You can help crowdfund a statue of the world’s first space cat
Alphr Kickstarter of the week: A statue of Félicette, the first cat in space
Laika, the first dog in space, has a statue in Moscow. Ham, the astrochimp and first hominid in space has a statue in New Mexico. But what about Félicette, the first cat in space? Is there a similar installation built in her honour? Not yet.
This week’s Kickstarter want to put this absolute travesty right by crowdfunding a statue to commemorate the intrepid feline in her hometown of Paris.
What is the Félicette statue all about?
In 1963, Félicette became the first moggy to be blasted into space and the only one to survive (the second cat sadly didn’t make it). After launching from a base in Hammaguir, Algeria, the astro cat reached a height of 157km above Earth and experienced five minutes of weightlessness. Just 13 minutes after launch she was met by a helicopter rescue team after her capsule parachuted back down to Earth. After a few months back in the lab, she was put to sleep so that the electrodes implanted in her brain could be analysed.
Not only have most people never heard her amazing and gruesome story, her accomplishment has often been erroneously attributed to a male cat called Félix that never even existed!
“Around six months ago whilst on the job, I came across a tea towel in the staff kitchen commemorating the 50th anniversary of the cat who went to space,” Matthew Guy, the man behind the project, told Alphr.
“There was no name for the cat on the towel, nor did it resemble Félicette. It was illustrated in a constructivist style, which naturally led me to think it was the Russians who sent a cat to space,” said Guy, a first-time Kickstarter pitcher and “couple-time” pledger.
After Googling it, I became fascinated with Félicette’s story, how it had been forgotten over the years, and (like the design of the tea towel) misattributed. I spoke to a lot of my friends about her, and unsurprisingly no one had heard of her story. A few months later I had the brainwave to reintroduce the world to Félicette’s story with a piece of commemorative public art”.
Why should I care?
Thankfully, cats, dogs and chimps are no longer used in spaceflight experiments, but in the past they played an important role in the development of technology that would eventually put humans on the moon.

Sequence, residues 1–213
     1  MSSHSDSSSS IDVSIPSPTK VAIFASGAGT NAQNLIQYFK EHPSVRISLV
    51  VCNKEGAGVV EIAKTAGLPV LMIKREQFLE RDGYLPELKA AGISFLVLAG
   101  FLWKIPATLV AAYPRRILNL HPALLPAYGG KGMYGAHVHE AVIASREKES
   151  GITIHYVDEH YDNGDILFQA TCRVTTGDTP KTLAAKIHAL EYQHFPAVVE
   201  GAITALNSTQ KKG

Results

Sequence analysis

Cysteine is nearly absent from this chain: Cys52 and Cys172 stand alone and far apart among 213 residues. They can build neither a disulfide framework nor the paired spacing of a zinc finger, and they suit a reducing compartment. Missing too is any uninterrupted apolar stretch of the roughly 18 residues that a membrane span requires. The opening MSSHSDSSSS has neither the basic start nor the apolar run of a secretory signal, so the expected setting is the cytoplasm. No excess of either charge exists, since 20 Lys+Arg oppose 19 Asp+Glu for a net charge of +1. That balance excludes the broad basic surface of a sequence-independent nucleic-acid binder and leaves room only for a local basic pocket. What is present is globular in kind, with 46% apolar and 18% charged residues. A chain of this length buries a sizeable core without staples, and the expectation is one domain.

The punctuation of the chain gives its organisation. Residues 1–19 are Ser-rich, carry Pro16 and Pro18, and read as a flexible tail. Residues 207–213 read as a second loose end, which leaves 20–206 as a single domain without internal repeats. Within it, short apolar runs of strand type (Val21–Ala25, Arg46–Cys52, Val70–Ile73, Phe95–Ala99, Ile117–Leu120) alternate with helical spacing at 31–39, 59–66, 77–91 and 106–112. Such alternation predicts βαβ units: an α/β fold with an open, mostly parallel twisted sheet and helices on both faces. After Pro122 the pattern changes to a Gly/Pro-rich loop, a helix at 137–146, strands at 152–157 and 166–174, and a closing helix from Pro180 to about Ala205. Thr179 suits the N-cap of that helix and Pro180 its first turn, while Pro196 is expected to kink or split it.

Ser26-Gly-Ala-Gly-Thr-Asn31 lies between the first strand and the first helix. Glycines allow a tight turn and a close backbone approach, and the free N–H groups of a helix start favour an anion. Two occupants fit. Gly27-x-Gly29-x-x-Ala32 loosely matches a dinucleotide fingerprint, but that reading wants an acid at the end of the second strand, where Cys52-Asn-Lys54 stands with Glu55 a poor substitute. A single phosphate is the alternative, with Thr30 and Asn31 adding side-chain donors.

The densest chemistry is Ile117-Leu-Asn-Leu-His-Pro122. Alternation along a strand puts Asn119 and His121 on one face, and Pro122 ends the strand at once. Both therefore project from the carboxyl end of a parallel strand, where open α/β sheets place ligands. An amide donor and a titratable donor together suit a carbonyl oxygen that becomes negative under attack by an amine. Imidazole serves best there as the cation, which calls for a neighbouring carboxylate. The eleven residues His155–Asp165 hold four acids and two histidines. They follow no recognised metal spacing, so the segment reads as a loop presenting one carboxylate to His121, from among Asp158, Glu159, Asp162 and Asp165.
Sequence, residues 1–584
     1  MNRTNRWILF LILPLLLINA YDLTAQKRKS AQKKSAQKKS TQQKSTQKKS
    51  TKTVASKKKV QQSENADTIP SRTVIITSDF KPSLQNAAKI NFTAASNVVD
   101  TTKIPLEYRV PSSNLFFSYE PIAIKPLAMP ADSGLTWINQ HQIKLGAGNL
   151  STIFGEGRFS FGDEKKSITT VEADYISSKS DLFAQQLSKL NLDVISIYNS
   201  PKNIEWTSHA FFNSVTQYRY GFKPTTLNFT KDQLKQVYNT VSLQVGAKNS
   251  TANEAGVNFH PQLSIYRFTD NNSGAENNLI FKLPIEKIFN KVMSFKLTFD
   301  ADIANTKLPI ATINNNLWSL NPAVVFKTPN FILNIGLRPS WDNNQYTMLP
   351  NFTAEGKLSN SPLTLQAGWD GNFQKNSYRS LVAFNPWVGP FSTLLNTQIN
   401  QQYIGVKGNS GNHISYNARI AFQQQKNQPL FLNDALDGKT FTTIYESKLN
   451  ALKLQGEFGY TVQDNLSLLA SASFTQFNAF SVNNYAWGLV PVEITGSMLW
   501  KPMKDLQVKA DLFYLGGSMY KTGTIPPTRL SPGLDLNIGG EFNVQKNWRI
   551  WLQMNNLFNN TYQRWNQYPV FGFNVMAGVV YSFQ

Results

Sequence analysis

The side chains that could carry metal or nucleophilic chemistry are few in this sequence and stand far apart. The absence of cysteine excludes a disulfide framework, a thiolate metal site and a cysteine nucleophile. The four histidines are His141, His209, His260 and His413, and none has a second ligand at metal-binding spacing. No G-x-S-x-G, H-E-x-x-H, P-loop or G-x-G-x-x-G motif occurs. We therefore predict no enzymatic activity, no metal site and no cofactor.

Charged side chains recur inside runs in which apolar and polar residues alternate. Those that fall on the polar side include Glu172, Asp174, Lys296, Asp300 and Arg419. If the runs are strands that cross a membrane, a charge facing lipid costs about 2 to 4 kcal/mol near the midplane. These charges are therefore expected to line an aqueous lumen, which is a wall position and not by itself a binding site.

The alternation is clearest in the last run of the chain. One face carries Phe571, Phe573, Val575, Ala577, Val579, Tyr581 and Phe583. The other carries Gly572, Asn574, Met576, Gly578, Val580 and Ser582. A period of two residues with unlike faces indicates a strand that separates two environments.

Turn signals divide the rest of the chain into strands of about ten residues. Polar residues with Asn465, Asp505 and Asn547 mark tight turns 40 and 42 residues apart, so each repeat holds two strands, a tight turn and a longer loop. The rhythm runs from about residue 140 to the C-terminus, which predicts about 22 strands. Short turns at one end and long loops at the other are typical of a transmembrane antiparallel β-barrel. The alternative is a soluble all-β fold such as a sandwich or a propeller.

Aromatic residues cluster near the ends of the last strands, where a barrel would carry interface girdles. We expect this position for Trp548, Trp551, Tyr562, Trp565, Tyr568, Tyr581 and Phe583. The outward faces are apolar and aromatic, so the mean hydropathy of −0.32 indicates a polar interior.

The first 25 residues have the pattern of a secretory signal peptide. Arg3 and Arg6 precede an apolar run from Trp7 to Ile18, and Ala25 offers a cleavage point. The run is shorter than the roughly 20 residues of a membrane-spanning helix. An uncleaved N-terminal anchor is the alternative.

What’s more, our furry space buddies of the past had no say in whether they were strapped into tiny spaceships or not, so the very least we could do is give the poor blighters statues to recognise their contribution.
As we’ve already said, the best known astro animals have already had their fuzzy chops immortalised in brass in various places around the globe. It’s only fair that Parisian Félicette gets the same honour, especially has she was totally stitched up by the mythical Félix and the catriarchy.
How much and when would I get it?
For a tiny £1 pledge, the guy behind this Kickstarter “will think fondly of you”. If that’s enough for you (it’s certainly not enough for us) then you can bung £10 into the cat kitty and a replica of Félicette’s original ‘autographed’ postcard from 1963 will wing its way to you. And 250 quid will see your name put on a plaque for all eternity next to a statue of a cat.
Obviously no pledge is going to get you the actual thing, because it’ll be sat on a street in Paris somewhere, but if your cat statue budget (don’t pretend you don’t have one) can stretch to £6,000, you’ll get a 30cm replica of the real thing, cast in bronze.
(Sadly, the stretch goals don’t include the statue getting bigger, so dreams of Félicette dwarfing the Eiffel Tower are cruelly dashed.)
The timeline is incredibly vague, but according to the Kickstarter page, it may or may not take seven months after funding is secured to get the statue ready for installation.
Is there anything else like the Félicette statue out there?
Er, not really. If successful, the statue will be created by renowned animal sculptor Gill Parker. While she’s got plenty of experience with producing effigies of all kinds of wildlife, this will be the first 1.5m-tall astronaut cat. And why did Guy opt for the experienced sculptor to bring Félicette back from obscurity? “Well first it was because of her work. Gill is one of the most acclaimed animal sculptors in the world. And secondly just the enthusiastic conversations we had about the project convinced me she was the sculptor for the job,” he said.
So far, no location has been secured, but Guy has spoken to the sculptor about safety restrictions such as height.
“It’s been all positive so far,” he said of the response he’s had for the project, adding, “I’ve received some nice messages from people that have now been made aware of Félicette’s story, and been moved by it.
“Ultimately, if the crowdfunding campaign isn’t successful, I’ll take some solace in the fact that at least Félicette’s story has now been seen by more people”.
How risky is backing the Félicette statue?
As ever with crowdfunding, there is no such thing as a guaranteed product. The end result may not be what’s promised, might never see the light of day, or might disappoint in another way. Only pay what you can afford to lose.
That said, Félicette’s statue is a fairly safe bet as you’re not actually going to lose out on much if it doesn’t happen. The rewards include postcards, pins, prints and a totebag (unless you’ve gone for the money-no-object mini bronze statue), so you can probably live without them.